Stripping Distress On Hot Mixed Asphalt Pavement

Author(s):
A. O. Abd El Halim, Carleton University, Ottawa, ON, Canada; Manthan Ramani ,Carleton University, Ottawa, ON, Canada
Keywords
Asphalt pavement, moisture damages, pavement strength, stripping
Abstract
Asphalt is sticky, black and viscous liquid substance which extensively known as bitumen and broadly useful in the construction of roads and bridge pavements. Its natural adhesive characteristics makes it possible to combine all required aggregate together to produce a greater amount of strength to sustain the higher traffic loads. Asphalt is naturally originated substance and it also could distinguish from the petroleum by products. A major application of asphalt material is to make high strength road pavements and as an adhesive to combine aggregates together for several applications. Deterioration or elimination of asphalt binder from aggregate layer due to the effect of moisture is generally named as the “stripping”. Moisture damage or stripping distress is one of the most severe causes of damage in asphalt pavement. This paper will exhibit the stripping distress due to the water (moisture) effect on the bitumen pavements and how that damages could be cured. Asphalt roads may face destructions due to water or moisture vapor. These hazards may damage roads in such critical ways which results in temporary close-up or permanent renewal of that particular pavement. This paper will discuss remedies and maintenance techniques should be taken while the stripping characteristics affect the asphalt pavements and it will also cover the basic critical points should be taken in the consideration while constructing the asphalt pavement to reduce the stripping hazard effects on it. Recommendations are also made in the research to minimize the occurrence of such premature failure resulting from stripping distress.	
Reference
[1]	Stripping (2007) .Pavement interactive. Retrieved from http://www.pavementinteractive.org/article/stripping/
[2]	TAC (transport association of Canada).December 1997.Moisture damages of asphalt concrete and antistripping additives. ISBN 1-55187-095-9.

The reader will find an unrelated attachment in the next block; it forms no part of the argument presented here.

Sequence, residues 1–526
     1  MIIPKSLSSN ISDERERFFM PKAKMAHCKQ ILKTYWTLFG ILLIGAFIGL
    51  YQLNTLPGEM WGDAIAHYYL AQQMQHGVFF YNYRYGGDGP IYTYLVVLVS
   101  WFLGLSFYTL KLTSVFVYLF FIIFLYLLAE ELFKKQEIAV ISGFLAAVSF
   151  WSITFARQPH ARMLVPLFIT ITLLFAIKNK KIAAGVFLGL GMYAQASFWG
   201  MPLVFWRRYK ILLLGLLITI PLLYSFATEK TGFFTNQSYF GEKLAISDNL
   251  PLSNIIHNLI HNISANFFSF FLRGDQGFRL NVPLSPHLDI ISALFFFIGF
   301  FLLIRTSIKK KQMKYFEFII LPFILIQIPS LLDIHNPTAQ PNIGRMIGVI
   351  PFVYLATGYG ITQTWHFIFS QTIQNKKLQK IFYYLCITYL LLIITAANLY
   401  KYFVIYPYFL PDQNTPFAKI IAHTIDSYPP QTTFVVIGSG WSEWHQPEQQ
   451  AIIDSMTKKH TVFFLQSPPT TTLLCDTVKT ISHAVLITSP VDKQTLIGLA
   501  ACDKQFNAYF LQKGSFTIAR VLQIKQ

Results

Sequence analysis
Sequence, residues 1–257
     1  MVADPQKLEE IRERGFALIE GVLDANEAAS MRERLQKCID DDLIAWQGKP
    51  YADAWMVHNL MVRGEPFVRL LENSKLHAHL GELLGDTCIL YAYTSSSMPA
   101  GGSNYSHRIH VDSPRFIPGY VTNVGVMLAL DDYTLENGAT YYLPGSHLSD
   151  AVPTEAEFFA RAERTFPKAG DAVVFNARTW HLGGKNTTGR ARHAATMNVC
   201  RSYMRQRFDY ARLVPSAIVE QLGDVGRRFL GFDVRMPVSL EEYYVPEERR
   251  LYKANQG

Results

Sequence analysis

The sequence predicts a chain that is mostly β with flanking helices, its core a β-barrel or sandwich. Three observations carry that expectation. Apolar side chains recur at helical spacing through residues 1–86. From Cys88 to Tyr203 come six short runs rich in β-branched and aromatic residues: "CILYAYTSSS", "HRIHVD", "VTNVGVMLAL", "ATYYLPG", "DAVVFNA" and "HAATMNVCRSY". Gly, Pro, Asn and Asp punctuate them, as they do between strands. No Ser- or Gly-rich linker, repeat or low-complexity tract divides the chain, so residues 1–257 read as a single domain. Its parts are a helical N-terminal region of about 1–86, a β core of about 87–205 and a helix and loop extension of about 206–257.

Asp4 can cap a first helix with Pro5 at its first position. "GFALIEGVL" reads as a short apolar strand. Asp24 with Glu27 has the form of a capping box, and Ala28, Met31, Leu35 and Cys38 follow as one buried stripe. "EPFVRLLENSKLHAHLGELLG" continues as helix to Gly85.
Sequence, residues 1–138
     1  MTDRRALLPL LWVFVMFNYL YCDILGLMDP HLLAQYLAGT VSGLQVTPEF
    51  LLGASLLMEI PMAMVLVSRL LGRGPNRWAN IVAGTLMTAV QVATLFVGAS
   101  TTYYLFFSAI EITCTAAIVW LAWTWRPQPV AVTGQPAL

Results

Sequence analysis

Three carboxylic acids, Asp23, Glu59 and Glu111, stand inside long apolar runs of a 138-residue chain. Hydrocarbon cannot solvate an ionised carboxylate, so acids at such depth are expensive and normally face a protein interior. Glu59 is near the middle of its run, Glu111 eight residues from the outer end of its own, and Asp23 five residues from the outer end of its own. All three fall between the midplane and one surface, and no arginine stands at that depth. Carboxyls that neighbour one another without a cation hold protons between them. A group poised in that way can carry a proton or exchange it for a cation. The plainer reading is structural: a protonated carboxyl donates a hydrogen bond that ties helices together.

[3]	Badru M. Kiggundu, Freddy L. Robertes. (September 1988), stripping in HMA mixtures: state-of-the-art and critical review of test methods. National Center for Asphalt Technology. NCAT Report No. 88-2.
[4]	Prithvi S. Kandhal, Ian J. Rickards. (April 2001), premature failure of asphalt overlays from stripping: case histories. NCAT Report 01-01.
[5]	Erlingsson, S., Failure Modes in Pavements (2003). Flexible Pavement Distress Modes. AF2903 Road Construction and Maintenance.
[6]	Harnish, I., Liquid Anti-Strip Technology & Best Practices (2010). ArrMaz Custom Chemicals. Overland Park, KS.
[7]	Kandhal, K., Parker, F., Wu, Y., Aggregate toughness/ abrasion resistance and durability/soundness tests related to asphalt concrete performance in pavements (1998). NCAT Report No. 98-4.
[8]	Wood, T., Stripping of Hot-Mix Asphalt Pavements under Chip Seals (2013). Minnesota Department of Transportation Research Services. St. Paul, Minnesota.
[9]	ODOT Distress Survey Manual (2010). Oregon department of transportation.
[10]	Neal, B., 13 Pavement Defects and Failures (2011). Paveman Pro. Retrieved from http://www.pavemanpro.com/article/identifying_asphalt_pavement_defects/
[11]	WSDOT pavement policy (2011). Washington State Department of Transportation. Environmental and Engineering Programs Division State Materials Laboratory Pavements Division. Olympia, WA. 
Other Details
Paper ID: GRDCF001014
Published in: Conference : Recent Advances in Civil Engineering for Global Sustainability (RACEGS-2016)
Page(s): 66 - 70
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